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affirmative action on the brink
Asian-Ivy War Continues

“The Asian problem” continues to be a thorn in the side of the diversity bureaucracy that runs America’s elite college campuses. The Wall Street Journal reports on the latest efforts by Asian-Americans to convince the authorities that affirmative action—at least as currently practiced—is essentially a repackaged form of anti-Asian discrimination, the successor to academia’s infamous anti-Jewish bias of the early-to-mid 20th century:

A coalition of Asian-American organizations asked the Department of Education on Monday to investigate Brown University, Dartmouth College and Yale University, alleging they discriminate against Asian-American students during the admissions process. […]

In an accompanying petition, the group said it filed this complaint because even if it hits a legal wall it will generate social and political pressure. After the Department of Education started investigating Harvard in 1988, its admission rate of Asian-Americans jumped to 16.1% in 1991 from 10.8%. After students filed a complaint against Princeton in 2006, its admission rate increased to 25.4% in 2014 from 14.7% in 2007.

This conflict will probably persist as long as affirmative action does (and with Justice Scalia’s passing, it seems unlikely that the Supreme Court will deal the body-blow to racial preferences that many admissions offices feared) because affirmative action partisans don’t have a clear or consistent answer to the Asian students’ concerns. Is affirmative action designed to give a boost to groups of people who have faced discrimination in the United States? Surely this applies to Asians as much as Hispanics. Is affirmative action designed to increase ethnic diversity? It’s unclear why Asian-Americans contribute less to the diversity project than other racial minorities. Is the apparent bias against academically qualified Asian applicants simply the result of a neutral “holistic” process that evaluates students on the basis of nebulous character traits? That is, of course, the precise justification Ivy League schools used to cap Jewish enrollment.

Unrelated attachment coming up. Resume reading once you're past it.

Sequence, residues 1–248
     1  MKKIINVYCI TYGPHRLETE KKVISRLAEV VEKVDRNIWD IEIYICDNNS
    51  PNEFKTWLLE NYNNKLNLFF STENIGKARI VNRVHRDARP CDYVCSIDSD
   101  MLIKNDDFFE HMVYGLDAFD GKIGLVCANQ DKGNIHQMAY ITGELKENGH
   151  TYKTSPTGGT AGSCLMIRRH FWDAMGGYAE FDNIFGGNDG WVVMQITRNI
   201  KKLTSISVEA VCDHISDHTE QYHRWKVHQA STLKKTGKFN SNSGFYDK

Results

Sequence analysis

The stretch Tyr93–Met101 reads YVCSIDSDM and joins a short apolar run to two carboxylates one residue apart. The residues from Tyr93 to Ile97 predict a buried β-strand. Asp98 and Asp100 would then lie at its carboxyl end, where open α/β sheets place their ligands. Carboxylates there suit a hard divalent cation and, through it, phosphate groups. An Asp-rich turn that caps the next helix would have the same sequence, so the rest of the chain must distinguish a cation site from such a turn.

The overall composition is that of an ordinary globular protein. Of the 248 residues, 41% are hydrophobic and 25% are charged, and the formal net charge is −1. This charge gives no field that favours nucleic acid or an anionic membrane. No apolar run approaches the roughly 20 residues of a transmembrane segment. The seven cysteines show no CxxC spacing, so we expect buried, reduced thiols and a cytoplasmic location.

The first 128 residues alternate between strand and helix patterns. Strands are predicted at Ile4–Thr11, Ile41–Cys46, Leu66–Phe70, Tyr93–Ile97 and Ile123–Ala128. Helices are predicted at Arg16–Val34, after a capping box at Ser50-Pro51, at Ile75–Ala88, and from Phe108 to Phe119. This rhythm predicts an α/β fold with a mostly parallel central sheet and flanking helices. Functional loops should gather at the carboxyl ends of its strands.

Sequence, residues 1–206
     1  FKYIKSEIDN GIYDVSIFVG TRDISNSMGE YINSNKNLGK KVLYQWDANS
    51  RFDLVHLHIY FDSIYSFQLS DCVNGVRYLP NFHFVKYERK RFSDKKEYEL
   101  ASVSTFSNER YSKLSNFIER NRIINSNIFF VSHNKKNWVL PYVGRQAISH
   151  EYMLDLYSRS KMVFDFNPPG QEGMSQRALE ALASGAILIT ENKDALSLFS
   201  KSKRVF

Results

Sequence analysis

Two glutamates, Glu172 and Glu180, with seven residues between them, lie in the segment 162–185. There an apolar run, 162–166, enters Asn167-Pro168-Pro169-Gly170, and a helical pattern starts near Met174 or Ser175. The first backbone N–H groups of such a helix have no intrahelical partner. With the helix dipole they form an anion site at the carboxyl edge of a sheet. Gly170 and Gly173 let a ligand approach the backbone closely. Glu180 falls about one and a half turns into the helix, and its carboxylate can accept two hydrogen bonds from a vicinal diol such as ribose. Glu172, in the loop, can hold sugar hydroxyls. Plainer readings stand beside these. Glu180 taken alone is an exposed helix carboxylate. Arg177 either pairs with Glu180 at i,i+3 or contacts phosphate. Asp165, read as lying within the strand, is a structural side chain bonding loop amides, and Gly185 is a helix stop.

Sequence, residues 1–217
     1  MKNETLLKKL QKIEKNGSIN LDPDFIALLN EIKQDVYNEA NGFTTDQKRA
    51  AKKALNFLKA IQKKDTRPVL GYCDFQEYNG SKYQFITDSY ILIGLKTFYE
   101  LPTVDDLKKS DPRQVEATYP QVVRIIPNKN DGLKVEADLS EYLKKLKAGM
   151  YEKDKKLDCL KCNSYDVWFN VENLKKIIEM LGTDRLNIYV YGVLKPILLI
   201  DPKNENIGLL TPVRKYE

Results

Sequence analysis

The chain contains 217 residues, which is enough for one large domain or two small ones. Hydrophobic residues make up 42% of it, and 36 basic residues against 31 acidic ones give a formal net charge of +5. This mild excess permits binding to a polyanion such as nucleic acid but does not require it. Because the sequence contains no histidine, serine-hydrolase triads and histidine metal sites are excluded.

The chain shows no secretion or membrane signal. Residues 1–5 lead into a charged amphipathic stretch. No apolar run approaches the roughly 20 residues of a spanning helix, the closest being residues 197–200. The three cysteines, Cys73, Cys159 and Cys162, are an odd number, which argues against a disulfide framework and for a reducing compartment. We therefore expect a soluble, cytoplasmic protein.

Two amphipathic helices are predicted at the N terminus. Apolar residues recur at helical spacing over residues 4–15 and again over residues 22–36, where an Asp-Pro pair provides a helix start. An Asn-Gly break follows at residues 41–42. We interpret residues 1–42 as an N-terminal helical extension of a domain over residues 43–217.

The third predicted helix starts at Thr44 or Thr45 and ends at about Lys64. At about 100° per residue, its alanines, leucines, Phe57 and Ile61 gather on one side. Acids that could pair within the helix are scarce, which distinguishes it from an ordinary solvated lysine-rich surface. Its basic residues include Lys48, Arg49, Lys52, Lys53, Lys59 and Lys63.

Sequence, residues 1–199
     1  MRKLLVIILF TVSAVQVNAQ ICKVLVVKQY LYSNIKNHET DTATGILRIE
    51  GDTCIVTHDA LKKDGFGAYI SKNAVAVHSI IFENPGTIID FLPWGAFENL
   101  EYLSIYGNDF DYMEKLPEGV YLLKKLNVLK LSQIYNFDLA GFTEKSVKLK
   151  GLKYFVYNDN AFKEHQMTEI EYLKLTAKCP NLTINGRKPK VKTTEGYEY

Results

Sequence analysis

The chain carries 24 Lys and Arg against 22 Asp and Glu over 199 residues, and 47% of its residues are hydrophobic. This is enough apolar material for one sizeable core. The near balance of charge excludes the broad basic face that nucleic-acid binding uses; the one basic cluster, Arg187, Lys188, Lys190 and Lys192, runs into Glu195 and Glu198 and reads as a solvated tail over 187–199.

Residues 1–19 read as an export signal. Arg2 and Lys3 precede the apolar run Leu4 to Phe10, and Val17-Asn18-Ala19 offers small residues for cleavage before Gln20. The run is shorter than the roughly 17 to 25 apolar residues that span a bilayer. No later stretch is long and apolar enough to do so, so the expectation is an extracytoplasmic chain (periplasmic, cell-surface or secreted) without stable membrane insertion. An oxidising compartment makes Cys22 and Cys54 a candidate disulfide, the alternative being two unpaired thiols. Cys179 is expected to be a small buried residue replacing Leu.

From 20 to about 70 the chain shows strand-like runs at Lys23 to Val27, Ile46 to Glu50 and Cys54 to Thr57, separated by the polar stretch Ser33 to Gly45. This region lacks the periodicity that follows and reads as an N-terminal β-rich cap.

The core problem, as Dennis Safran has pointed out, is that the logic of affirmative action that applied in “the essentially biracial society of the 1970s” has become strained to the point of breaking in “the multiracial America of 2016,” where the number of identity groups with claims to marginalized status has multiplied, and where class status increasingly rivals racial status as a determinant of academic and professional success.

In the long run, however, the vituperative wars about the role of race in admissions probably distract from more important injustices in the higher education system. Prohibitive tuition costs—driven up by federal regulations, short-sighted student loan programs, and, to some extent, and campus diversity bureaucracies—probably present more of an obstacle to the Ivory Tower than race-based admissions policies for the vast majority of students. And degrees from the Ivy League still carry far too much cultural cachet, delivering special opportunities to their graduates not because of their talents but because of their access to elite social networks. If our society put less weight on where people went to college, the stakes in the racial preference debates would fall considerably. So as important as affirmative action is as a social and political issue, it should not distract from the fact that we have a higher education system that is fundamentally broken for students of every skin color.

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  • GS

    The whole “diversity” meme should be tossed out. What the students bring to the university is their more-or-less empty heads, to be filled there with suitable knowledge. Their “experiences”, etc. do not matter, do not “enrich” anything and only clutter the place, and best be left at the door, outside. Ideally, meritocratic admission should be done solely by the results of the college-administered entrance exams, from the top down. And if any group of applicants ends “over-represented” as a result, it is not “over” represented but “justly” represented, according to the abilities and aptitudes exhibited during examinations. The only sense the word combination “over-represented” makes sense is when over-representation is defined with regard to the underlying merit and abilities.

    • f1b0nacc1

      Let us kill this evil creature with the Left’s latest idiocy. Simply tell everyone to self-identify as ‘diverse’.

  • Fat_Man

    The great thing about affirmative action is how much racial harmony it has brought to American campuses.

  • Beauceron

    Asians make up 21% of Harvard and 22% of Princeton. Asians make up less than 5% of the US population.

    Asians have always supported the identity politics that have now taken over the country. They get benefits in minority hiring, scholarships, government contracts, etc. (the list of benefits bestowed on those for being a minority has grown too long to list).